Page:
Too often I hear the woes of others who have the misfortune of working with a manager who can’t … well, manage. In some situations it may feel like you’re in a toxic relationship.
Unfortunately there is no simple answer as to how or why people are placed into these managerial positions, and I am not going to try and explain. What I will explain are five ways to simply maintain your sanity while getting s#!t done.
1. Know your strengths
When someone micro manages, or under manages, it can feel like you are the problem. As people we often treat our work as a reflection of ourselves. If your work is poor, then so are you. But that couldn’t be further from the truth. For example, if you know you’re a clear and concise writer, that may be your style. Just because someone does something differently or provides feedback doesn’t mean that it’s “wrong”. Reminding yourself that you’re here to do a job and communicate something can help you not take it too personal. But hey, we’re humans and sometimes our ego gets in the way.
2. Establish a tight support group
Whether you’re balancing multiple projects or working on one, the support you receive is crucial in getting it done. Your manager may not be a great listener, even if they think they are. Depending on your position, you may feel comfortable seeking out a support group or a confidante. This could be co-workers, friends, family, whoever. But it has to be people you trust. You should be able to speak freely about what’s going on, without fear of judgement or repercussions. However, you want to ensure boundaries are set so you’re not just complaining. The best support groups work as a two way street. You should also be ready to listen to them and support them when needed.
3. Speak up, but don’t sound like a broken record
Communication is key. I cannot stress this enough. You should be open to constructive criticism but if it ever surpasses that point and you feel like you’re constantly in defense mode, learn to pick and choose your battles. Sometimes the frustration of explaining something over and over, can exacerbate a situation that probably isn’t worth your time in the first place. If you find yourself overthinking it and you feel the urge to speak up, do so. But hold off until you can collect all of your thoughts, to clearly (and professionally) explain what you need to. It may feel like you’re doing yourself a disservice by not speaking up at all. Exercise that first amendment, baby!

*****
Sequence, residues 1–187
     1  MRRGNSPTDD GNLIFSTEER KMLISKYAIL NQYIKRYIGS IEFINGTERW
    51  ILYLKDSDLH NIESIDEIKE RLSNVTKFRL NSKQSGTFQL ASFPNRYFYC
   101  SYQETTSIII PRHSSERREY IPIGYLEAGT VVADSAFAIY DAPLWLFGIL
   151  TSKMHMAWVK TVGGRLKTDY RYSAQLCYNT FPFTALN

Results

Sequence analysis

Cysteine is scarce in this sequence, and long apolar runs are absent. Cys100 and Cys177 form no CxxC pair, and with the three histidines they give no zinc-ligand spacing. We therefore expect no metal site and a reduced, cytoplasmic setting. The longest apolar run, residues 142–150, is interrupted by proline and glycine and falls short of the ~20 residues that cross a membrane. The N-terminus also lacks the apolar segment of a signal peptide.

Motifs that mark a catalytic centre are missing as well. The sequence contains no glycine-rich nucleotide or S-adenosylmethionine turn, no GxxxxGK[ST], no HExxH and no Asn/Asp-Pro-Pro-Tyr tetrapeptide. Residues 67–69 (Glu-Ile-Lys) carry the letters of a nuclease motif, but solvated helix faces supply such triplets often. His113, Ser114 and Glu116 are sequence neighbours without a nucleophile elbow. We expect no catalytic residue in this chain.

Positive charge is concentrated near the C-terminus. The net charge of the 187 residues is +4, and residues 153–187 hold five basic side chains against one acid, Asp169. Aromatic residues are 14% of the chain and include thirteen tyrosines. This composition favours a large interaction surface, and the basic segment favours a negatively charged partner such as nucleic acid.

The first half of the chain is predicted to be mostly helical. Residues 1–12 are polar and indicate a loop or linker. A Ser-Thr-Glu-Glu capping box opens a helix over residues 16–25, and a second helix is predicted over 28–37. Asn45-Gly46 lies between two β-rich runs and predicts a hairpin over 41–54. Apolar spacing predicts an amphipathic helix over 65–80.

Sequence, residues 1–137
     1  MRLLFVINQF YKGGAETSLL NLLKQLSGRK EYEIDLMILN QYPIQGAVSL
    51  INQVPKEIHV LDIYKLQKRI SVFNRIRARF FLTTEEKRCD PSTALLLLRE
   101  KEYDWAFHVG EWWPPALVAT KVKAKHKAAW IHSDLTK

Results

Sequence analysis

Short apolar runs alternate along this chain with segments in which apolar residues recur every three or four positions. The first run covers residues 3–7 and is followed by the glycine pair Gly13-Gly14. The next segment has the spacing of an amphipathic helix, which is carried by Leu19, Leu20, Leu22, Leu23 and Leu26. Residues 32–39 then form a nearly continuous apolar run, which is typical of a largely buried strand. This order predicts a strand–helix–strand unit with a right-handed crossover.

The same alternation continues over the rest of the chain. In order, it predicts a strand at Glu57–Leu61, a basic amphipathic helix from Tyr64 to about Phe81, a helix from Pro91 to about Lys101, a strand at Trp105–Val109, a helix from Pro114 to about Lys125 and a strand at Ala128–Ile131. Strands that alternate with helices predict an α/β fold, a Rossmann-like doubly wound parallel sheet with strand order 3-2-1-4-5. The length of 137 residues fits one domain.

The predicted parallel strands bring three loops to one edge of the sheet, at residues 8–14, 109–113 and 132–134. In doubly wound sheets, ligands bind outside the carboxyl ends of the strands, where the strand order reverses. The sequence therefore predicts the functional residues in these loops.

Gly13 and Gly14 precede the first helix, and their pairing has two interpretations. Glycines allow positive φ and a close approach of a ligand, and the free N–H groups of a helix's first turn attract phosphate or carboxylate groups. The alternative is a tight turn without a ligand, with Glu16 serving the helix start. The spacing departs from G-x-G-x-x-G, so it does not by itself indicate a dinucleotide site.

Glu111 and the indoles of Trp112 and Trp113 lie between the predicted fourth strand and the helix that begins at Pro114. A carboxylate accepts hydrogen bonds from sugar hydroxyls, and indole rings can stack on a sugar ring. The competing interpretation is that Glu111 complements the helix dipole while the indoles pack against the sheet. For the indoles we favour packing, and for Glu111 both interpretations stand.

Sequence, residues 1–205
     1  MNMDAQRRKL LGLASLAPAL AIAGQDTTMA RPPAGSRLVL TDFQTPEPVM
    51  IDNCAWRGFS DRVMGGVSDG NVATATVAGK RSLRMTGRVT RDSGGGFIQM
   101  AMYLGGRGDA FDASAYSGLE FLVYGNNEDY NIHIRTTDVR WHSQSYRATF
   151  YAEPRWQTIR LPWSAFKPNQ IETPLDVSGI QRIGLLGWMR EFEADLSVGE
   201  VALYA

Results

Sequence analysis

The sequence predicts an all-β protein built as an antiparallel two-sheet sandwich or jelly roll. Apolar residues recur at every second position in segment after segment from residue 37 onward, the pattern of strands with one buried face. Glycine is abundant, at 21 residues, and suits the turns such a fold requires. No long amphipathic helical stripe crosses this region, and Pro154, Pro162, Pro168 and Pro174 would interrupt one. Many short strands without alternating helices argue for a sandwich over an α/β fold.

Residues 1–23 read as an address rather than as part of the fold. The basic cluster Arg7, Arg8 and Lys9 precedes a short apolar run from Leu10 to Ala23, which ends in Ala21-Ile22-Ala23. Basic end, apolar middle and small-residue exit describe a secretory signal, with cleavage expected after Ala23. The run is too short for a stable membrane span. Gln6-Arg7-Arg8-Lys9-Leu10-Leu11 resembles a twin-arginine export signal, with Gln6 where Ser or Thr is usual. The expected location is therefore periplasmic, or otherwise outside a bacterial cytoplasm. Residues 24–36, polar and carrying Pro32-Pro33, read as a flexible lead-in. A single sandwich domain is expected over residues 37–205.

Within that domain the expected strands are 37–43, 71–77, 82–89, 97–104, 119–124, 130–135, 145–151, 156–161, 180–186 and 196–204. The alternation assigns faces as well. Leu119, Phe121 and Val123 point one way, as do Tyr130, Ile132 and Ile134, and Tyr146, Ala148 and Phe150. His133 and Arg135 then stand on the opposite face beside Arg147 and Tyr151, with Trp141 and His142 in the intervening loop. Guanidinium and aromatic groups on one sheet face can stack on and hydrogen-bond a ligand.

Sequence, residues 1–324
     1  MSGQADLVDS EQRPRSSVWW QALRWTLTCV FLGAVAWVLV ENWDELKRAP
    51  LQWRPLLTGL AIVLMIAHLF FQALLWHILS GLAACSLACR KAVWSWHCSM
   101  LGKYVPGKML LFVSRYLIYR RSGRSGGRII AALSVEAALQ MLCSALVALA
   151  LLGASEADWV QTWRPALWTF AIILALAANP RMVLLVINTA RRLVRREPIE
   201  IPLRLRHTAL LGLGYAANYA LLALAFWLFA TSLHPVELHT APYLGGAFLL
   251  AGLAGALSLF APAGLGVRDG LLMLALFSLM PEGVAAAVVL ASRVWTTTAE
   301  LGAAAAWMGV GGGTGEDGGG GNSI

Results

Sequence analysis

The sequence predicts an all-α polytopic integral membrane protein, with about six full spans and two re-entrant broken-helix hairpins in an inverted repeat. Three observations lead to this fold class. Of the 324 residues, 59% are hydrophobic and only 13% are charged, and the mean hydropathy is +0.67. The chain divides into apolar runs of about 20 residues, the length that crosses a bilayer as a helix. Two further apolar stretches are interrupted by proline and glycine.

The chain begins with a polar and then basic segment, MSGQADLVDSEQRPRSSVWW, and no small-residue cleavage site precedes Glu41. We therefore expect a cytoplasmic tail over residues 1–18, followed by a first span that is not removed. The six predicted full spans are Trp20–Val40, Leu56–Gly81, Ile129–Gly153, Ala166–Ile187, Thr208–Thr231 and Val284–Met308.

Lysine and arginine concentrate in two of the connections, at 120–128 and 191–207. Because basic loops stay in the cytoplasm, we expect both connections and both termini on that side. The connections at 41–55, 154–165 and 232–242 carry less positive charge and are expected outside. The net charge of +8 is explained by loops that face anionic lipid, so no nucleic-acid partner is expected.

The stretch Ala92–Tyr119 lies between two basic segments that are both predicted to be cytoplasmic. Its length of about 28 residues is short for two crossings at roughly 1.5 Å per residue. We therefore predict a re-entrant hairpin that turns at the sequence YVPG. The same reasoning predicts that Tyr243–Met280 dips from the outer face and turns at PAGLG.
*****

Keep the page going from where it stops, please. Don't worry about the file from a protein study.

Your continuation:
4. Time management
Let me start off by saying everyone should either own a planner or have access to a digital one. A planner allows you to dedicate a set amount of time to specific projects. Working on one project all day can be a total ball buster sometimes, but if you break it up it is that much more manageable and you can get other projects done.
You may be asking yourself what this has to do with your manager. Well, like a wise man named Bob Carter once said, “Poor planning on your part does not necessitate an emergency on mine.” (Does anyone know who the right Bob Carter is that said this?) Managers that can’t manage people, usually can’t manage time either. That means you’re probably prone to tasks being thrown at you left and right and get asked for updates for one project while multi-tasking others. Here is where you set boundaries, letting your boss know (again, professionally) that you will get back to them as soon as you can. If possible, provide a realistic ETA. I also find it helpful to anticipate what they need and deliver project status updates so they can see exactly what’s on your plate before assigning more. The advantage? Get to them before they get to you. You’ll be proactive and it’ll be one less thing they have to ask for.
5. Work-life balance
Your personal life is more important. Sometimes we have to start the day a bit earlier, or work through lunch, or stay online a little longer, or all three! Whatever time you decide to log off for the day, stick to it. It can be hard to ignore work emails popping up on your phone or your personal laptop, or worse, Slack notifications, at all times of the day. I know I’m guilty it. Change your device preferences to “do not disturb” between your chosen hours. Most of our jobs already get 8–9 hours of us, don’t let them get the rest of your time too.
Remember, every challenge is a lesson that you can take with you through your career. As Queen B put it,
“always stay gracious, best revenge is your paper.”
Have additional tips for managing a boss who can’t manage others? Leave a comment — chances are we all need a few more!